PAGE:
photo source || http://www.architecturaldialogue.com

Foyles has a lovely modern feel to it. Whilst Waterstones boast a nice old-school bookstore, try-and-leave-without-spending-your-money feel to it, Foyles likes to show off its supreme cleanliness and crispness of displays (okay maybe I’m getting carried away, but just go with it). They have a  lovely selection of books too BUT they have something that Waterstones doesn’t, and it involves Foreign Languages.

The Next Particularly Amazing Outlet

I now take you to roughly in between Leicester (pronounced: less-ter, NOT lie-ses-ter, sheesh) and Tottenham Court Road. Here lies another four storey behemoth (I could’ve sworn it was six storeys but apparently not) with an even more impressive staircase. You walk in and go woooww, drool a little, and then wander up the ever so inviting staircases and get sucked into the books.

photo source || http://www.londontown.com

What won me over big time (apart from the delightful and numerous Harry Potter books peppering any available surface) was that if you read in another language, this is where you can get your books. As I entered the foreign language section there was the BEST display of the Harry Potter books in all different languages which I totally took a photo of. But along with the dictionaries and literature of the languages, there was a translated literature section. Which meant that as I wandered into the Italian section (they had all sorts, French and German and etc etc ETC) I could pick up A Game of Thrones, the entire Harry Potter set, and so much more. I was a very happy chappy.

photo source || matildaproject.wordpress.com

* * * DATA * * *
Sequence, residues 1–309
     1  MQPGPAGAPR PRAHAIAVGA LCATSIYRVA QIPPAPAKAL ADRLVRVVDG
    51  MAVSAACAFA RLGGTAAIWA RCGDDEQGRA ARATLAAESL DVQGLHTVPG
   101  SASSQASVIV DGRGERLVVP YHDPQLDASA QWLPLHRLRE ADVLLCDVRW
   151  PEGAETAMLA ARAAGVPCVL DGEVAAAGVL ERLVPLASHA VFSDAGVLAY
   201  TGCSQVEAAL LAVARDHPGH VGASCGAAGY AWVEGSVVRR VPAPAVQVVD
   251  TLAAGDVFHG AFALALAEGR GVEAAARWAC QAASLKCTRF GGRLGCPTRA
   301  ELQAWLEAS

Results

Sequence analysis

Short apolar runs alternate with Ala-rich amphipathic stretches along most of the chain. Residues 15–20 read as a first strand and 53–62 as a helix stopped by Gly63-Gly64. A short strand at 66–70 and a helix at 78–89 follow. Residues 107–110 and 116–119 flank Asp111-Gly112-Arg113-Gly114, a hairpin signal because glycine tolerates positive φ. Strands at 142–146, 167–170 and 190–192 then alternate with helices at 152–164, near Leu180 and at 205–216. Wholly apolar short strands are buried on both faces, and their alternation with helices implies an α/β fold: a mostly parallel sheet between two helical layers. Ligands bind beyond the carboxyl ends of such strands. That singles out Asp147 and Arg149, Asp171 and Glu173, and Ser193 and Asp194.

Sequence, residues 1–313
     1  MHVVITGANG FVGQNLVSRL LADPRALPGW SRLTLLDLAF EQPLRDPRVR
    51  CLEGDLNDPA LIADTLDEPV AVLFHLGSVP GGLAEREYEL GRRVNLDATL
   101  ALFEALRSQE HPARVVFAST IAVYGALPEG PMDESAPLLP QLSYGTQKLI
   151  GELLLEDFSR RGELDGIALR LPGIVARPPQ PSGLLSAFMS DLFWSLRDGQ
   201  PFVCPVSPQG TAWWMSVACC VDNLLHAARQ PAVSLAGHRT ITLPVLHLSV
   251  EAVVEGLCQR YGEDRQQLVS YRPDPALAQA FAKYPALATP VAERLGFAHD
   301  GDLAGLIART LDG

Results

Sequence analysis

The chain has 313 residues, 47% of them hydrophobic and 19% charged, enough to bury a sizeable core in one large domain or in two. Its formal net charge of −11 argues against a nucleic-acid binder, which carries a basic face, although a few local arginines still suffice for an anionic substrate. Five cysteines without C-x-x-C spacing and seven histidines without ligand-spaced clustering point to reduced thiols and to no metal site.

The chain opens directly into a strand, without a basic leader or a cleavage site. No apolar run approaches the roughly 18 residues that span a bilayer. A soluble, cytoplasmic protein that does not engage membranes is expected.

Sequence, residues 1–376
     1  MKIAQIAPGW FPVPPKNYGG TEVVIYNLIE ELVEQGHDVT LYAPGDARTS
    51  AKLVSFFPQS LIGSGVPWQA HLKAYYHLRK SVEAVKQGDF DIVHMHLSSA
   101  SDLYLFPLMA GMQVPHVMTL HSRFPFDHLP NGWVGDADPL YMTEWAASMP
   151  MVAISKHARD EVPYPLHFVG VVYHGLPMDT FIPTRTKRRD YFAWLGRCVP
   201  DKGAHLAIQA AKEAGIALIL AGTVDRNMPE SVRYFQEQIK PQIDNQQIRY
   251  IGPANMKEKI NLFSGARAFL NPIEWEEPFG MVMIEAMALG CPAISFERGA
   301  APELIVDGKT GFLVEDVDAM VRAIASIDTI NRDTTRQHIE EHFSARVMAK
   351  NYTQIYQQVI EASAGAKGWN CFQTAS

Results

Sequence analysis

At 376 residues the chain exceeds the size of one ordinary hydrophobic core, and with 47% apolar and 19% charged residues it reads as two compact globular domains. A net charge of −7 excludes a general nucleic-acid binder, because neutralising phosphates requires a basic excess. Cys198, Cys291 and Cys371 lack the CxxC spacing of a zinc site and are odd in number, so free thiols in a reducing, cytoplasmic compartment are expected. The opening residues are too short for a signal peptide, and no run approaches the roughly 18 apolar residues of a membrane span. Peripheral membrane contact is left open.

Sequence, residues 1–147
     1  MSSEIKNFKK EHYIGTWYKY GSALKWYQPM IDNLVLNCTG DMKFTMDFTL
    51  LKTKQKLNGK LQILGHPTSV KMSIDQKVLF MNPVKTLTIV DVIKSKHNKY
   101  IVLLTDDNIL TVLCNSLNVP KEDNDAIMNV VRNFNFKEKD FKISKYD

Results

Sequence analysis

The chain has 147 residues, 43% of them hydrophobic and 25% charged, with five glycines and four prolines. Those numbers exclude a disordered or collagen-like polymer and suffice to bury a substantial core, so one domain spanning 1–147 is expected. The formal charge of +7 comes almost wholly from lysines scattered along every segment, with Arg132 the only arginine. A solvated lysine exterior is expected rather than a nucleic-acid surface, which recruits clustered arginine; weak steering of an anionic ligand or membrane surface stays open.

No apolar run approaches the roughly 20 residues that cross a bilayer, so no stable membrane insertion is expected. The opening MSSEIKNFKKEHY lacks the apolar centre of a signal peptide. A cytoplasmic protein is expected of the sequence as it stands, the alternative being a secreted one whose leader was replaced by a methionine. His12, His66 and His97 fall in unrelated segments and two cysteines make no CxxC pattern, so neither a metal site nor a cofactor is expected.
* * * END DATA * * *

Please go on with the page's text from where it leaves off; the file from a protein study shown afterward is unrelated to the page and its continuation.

Heffers

I went into exactly one Heffers store but I really liked it. The store that I went to was not in London but actually in Cambridge (although I’m sure there is one in London?). Anyway. Heffers sells your normal mainstream books which oodles of selection and a solid range of Funko Pops. They also sell t-shirts (well, I found a cool one anyway (and bought it)).

photo source || idlethink.wordpress.com

In fact!  What made this an awesome experience is the Heffers in Cambridge actually had a games section. As in board games. As in try to not spend all your money. Every edition of Monopoly and Top Trumps and so much more was all on display in this delightful down-stairs section right in the middle. This was wonderful because I feel like reading and board games definitely go together.

photo source || http://www.librarything.com

I also just really liked the lay-out of this store. The adult fiction (etc) was at the front (as well as a wicked Harry Potter display for the then up-coming release of The Cursed Child) but as you made your way through you reached the children’s section. What I find lovely about this British bookstores that are bigger than my house is that all the children’s sections are actually sectioned off by ages. I’m not going to lie either, I spent a lot of time seriously considering buying a bunch of books from the 9-12 section (and I’m 20).

photo source || theguardian.com

Forbidden Planet
(179 Shaftesbury Avenue)

Ooh, doesn’t this one sound great? This is an absolutely glorious store smack bang in London. Again, you’re looking at roughly between Leicester Square and Tottenham Court Road.

photo source || flickr.com